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NAMI honors legal scholar for mental health advocacy

July 15, 2011
by News release
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Arlington, Va. — The National Alliance on Mental Illness (NAMI) has honored Elyn Saks, a legal scholar who has lived with schizophrenia for over 30 years, with the NAMI Consumer Council's annual Gloria Huntley Award that recognizes an individual or organization that has made significant strides in reducing the use of restraints and seclusion in the treatment of mental illness.

Saks is Associate Dean of the University of Southern California law school and author of The Center Cannot Hold: My Journey through Madness. She was a panelist on the PBS program Minds on the Edge: Facing Mental Illness, produced in 2009 by Fred Friendly Seminars, Inc.

The award was presented in Chicago on July 7 at NAMI's annual national convention.

In 2009, Saks received a MacArthur Foundation Fellowship, or "genius grant," which she used to establish the Saks Institute for Mental Health Law, Policy and Ethics at USC. Through lectures and symposia, the institute spotlights one important mental health issue per academic year.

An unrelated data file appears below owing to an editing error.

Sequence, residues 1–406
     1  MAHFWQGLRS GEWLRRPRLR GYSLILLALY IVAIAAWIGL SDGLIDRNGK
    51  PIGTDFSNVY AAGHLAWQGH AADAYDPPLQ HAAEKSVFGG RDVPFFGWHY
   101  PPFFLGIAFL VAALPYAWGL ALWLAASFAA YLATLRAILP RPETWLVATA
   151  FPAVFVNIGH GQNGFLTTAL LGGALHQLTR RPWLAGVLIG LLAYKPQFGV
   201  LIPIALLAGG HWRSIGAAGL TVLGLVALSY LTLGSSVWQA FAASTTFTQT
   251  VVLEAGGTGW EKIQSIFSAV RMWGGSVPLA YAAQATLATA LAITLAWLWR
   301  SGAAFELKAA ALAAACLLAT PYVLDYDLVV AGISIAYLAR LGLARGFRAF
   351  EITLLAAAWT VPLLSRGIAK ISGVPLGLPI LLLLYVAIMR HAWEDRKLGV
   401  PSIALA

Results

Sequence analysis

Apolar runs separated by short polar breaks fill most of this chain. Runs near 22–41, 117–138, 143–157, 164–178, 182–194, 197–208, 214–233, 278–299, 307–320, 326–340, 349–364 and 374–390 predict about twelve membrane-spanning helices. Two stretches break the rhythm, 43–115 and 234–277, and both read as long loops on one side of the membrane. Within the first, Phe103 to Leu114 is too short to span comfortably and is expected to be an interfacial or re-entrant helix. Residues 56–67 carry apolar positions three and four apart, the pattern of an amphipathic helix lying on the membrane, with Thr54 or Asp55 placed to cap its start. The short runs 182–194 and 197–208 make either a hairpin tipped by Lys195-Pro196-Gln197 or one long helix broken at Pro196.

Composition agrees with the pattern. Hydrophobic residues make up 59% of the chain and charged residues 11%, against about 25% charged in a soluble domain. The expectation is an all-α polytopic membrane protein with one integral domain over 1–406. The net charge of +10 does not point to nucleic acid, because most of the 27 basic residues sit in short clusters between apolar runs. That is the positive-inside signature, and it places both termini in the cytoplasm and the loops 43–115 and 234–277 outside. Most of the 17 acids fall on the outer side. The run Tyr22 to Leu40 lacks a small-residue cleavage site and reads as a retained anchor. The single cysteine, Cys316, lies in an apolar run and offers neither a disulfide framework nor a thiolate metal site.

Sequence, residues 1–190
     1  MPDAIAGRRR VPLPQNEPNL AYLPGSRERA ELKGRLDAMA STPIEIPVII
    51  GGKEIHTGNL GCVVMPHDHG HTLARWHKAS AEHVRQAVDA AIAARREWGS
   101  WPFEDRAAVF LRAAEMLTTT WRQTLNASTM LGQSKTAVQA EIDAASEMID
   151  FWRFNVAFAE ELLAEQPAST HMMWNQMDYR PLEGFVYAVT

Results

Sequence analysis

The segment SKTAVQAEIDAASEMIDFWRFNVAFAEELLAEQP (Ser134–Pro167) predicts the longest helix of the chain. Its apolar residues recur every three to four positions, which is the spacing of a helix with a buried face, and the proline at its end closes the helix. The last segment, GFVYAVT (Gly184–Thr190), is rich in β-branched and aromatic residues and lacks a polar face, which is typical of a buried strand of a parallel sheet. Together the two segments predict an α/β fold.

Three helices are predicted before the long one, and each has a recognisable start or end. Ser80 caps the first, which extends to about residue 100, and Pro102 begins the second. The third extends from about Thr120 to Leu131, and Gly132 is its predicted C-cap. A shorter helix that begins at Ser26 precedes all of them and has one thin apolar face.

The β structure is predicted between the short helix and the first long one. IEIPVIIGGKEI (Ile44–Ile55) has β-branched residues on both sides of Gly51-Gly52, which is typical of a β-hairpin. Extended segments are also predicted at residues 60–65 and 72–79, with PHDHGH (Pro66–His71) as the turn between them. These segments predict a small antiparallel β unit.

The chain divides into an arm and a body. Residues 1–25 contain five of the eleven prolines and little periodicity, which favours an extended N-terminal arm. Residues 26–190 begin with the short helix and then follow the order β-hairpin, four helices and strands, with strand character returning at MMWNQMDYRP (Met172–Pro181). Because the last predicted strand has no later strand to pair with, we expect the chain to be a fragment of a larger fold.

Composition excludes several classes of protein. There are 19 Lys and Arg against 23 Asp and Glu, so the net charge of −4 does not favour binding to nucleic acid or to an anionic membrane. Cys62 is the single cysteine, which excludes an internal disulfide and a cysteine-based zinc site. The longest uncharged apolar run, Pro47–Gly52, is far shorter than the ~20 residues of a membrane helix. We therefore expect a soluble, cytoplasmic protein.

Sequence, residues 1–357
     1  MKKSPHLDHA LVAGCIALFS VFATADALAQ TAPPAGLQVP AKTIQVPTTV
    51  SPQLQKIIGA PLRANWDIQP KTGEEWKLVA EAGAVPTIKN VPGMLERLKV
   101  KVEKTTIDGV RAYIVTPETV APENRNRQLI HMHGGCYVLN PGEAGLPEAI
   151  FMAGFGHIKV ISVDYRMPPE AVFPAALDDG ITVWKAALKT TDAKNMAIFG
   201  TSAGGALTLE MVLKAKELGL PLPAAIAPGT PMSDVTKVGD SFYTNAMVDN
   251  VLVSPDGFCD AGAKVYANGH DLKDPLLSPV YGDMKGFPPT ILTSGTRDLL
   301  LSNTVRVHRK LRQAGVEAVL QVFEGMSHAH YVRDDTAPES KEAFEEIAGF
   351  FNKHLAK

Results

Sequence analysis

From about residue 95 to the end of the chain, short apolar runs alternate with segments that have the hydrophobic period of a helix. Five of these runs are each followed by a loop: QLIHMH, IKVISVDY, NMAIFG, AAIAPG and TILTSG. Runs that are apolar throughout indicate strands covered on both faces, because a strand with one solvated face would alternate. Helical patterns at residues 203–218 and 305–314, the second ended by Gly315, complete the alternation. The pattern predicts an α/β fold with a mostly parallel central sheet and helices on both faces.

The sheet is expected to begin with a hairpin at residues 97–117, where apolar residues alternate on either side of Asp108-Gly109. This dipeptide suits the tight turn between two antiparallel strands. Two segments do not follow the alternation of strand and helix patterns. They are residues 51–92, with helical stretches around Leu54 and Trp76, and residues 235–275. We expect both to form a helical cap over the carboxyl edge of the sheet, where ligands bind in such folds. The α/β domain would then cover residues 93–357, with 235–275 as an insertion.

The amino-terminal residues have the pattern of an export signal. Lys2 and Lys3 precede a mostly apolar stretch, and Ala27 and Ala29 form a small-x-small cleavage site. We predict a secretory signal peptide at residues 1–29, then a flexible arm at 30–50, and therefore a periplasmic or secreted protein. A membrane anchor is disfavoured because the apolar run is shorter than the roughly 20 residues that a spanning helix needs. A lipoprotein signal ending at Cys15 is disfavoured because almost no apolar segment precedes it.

In 2010-2011, it focused on the use—and abuse—of mechanical restraints in psychiatric hospitals.

"Elyn Saks is a powerful leader," said NAMI Executive Director Michael J Fitzpatrick. "The award is a high honor and recognizes her contribution to education and policy around restraints and seclusion. Like NAMI, she is committed to improving the lives of people living with mental illness."

The Consumer Council is an advisory body to the NAMI Board of Directors, consisting of individuals who have or have had a mental illness, representing each state and the District of Columbia.

The award is named for Gloria Huntley, who died after being constantly restrained at Central State Hospital in Virginia in 1996. Her death led to Congressional hearings and legislation and regulatory reforms. Use of restraints and seclusion remains controversial today.


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